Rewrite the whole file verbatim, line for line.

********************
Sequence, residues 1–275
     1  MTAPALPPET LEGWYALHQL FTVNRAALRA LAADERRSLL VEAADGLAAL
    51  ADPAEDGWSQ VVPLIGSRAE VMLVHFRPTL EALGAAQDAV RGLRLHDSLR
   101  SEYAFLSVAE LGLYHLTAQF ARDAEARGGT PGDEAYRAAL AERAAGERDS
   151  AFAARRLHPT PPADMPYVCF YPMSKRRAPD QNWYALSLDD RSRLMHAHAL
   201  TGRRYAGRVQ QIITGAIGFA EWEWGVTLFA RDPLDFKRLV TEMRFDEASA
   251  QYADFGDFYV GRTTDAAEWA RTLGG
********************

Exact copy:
Sequence, residues 1–275
     1  MTAPALPPET LEGWYALHQL FTVNRAALRA LAADERRSLL VEAADGLAAL
    51  ADPAEDGWSQ VVPLIGSRAE VMLVHFRPTL EALGAAQDAV RGLRLHDSLR
   101  SEYAFLSVAE LGLYHLTAQF ARDAEARGGT PGDEAYRAAL AERAAGERDS
   151  AFAARRLHPT PPADMPYVCF YPMSKRRAPD QNWYALSLDD RSRLMHAHAL
   201  TGRRYAGRVQ QIITGAIGFA EWEWGVTLFA RDPLDFKRLV TEMRFDEASA
   251  QYADFGDFYV GRTTDAAEWA RTLGG